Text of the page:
Fairy Tales with Teeth: A Review of Couri Johnson’s I’ll Tell You a Love Story

Johnson, Couri. I’ll Tell You a Love Story. Bridge Eight Press

By Kym Cunningham

In the interest of full disclosure: this review does not pretend to be unbiased (as if writing can be), as Johnson is a colleague and friend of the writer as well as her Co-Editor-in-Chief.

It is not often that reading a book makes me feel like a kid again. But that’s exactly what Couri Johnson’s debut short story collection, I’ll Tell You a Love Story, manages to achieve: a suspension of belief, that hunger to consume—more and more—pages curled beneath a comforter with a flashlight in hand. There’s something in the possible that Johnson taps into, a furtive, growing language that snakes its way into the reader’s body in writing as feral as her subject matter. There is always, Johnson suggests, something to unravel—even if it is only the self.

Make no mistake: these fifteen fabulist tales are in no way intended for children. They deal with (often fatally) adult material—the bitterness of unrequited love, drug abuse, trauma, parental death—in ways that eliminate the boundary between childlike wonder and the harsh reality of adulthood. Simply put: these stories are fairy tales with teeth. From an urbanized retelling of The Twelve Dancing Princesses to the downward spiral of Miloslav, a talking, performing bear, these stories interrogate the loneliness that is perhaps at the heart of the American condition. Indeed, it is difficult to read these tales and not feel both the desire for and the impossibility of connection.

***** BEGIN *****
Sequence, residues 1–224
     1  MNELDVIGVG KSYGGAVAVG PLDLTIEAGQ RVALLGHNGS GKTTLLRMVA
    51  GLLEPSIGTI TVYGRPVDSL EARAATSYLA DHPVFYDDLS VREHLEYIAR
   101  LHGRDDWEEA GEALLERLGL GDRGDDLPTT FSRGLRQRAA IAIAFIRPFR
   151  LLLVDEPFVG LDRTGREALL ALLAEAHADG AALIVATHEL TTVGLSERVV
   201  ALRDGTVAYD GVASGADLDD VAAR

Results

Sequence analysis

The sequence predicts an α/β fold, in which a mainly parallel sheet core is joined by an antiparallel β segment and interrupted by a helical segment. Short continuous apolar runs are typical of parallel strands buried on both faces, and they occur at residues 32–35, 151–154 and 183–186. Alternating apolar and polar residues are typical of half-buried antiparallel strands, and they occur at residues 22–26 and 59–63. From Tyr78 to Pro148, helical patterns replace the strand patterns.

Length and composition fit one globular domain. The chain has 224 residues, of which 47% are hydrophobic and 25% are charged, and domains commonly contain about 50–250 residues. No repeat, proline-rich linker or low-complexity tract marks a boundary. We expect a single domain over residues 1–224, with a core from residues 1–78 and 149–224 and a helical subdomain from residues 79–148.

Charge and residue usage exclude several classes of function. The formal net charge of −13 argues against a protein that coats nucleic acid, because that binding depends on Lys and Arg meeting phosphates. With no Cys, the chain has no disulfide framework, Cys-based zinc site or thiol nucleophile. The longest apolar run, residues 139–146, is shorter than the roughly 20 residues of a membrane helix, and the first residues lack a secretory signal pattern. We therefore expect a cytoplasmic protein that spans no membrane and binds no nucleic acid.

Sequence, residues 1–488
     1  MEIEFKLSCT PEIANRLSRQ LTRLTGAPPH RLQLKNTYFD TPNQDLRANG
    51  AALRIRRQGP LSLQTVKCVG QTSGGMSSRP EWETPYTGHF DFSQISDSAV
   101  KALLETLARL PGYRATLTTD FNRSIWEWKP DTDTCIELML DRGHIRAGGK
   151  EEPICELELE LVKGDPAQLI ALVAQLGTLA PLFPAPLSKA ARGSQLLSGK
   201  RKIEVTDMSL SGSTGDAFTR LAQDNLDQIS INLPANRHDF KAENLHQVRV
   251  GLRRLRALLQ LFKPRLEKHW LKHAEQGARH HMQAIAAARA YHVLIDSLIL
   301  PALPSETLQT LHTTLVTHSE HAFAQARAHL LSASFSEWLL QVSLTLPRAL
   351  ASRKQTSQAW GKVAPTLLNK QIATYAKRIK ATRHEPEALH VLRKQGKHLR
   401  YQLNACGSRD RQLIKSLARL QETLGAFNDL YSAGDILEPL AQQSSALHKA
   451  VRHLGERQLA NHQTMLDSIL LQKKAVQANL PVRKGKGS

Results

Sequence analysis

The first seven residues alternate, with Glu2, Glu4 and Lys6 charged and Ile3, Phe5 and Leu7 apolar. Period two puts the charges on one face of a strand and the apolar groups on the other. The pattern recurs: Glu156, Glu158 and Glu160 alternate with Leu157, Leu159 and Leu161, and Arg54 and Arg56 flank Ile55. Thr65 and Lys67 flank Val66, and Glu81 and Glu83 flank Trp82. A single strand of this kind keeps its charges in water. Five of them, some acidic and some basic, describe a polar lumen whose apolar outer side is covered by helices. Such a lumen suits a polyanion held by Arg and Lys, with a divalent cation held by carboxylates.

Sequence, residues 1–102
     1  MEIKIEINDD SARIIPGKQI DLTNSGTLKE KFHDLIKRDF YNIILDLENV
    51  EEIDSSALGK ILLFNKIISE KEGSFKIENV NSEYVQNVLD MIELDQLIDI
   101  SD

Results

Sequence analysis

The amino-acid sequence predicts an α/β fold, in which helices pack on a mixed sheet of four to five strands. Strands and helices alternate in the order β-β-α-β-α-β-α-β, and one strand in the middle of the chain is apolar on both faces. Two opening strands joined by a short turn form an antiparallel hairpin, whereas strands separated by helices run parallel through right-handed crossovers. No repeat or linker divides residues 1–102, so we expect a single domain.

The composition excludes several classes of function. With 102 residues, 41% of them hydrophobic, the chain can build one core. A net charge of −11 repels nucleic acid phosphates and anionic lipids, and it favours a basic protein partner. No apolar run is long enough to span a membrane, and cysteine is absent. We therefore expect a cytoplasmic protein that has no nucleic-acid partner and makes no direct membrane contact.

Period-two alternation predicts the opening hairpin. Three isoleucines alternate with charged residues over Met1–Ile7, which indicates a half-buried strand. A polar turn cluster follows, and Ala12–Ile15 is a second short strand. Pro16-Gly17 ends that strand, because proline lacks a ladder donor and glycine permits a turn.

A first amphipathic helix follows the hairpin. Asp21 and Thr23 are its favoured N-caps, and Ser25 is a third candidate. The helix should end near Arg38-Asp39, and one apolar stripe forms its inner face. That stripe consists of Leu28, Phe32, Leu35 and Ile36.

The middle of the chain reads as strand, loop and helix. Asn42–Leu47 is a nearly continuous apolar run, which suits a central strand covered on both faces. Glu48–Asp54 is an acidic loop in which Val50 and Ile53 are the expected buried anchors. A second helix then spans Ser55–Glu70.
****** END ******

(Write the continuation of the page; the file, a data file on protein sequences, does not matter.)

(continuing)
Because that’s what these characters strive for—from the woman loved only by spiders to the anatomist who reconfigures skeletons as playmates after an earthquake—these characters express modern separation. They unravel how, even surrounded by people, we feel utterly alone.

And yet, Johnson’s stories do not lapse into melancholy; they are not overly sentimental, but always sharpened, incisive. That is, Johnson does not allow her readers to feel sorry for themselves, primarily because she emphasizes this connective urge above all. That is, the loneliness her characters experience is always set with and against the drive towards connection to feel, if not hopeful, important. And it is not only humans that suffer from this disconnection; rather, this sense of displacement also filters into the collection’s non-human characters in a way that builds the world as Johnson sees it.

And here perhaps lies the means behind this suspension of belief, this urge towards the possible. As we read, we are able to imagine a world in which the Queen of all Magic lives in a studio apartment on Fifth Avenue, or where a woman leaves a curlew as her daughter’s only inheritance. This is Johnson’s world, but perhaps more importantly, this is our world, too.

So take some time—wrap yourself in Johnson’s weeds. Let her stories offer the connection reality disavows.

Couri Johnson is a PhD student, writer, and force of nature at the University of Louisiana at Lafayette. You can find her book for sale online at http://www.bridgeeight.com/shop/ill-tell-you-a-love-story-april-20/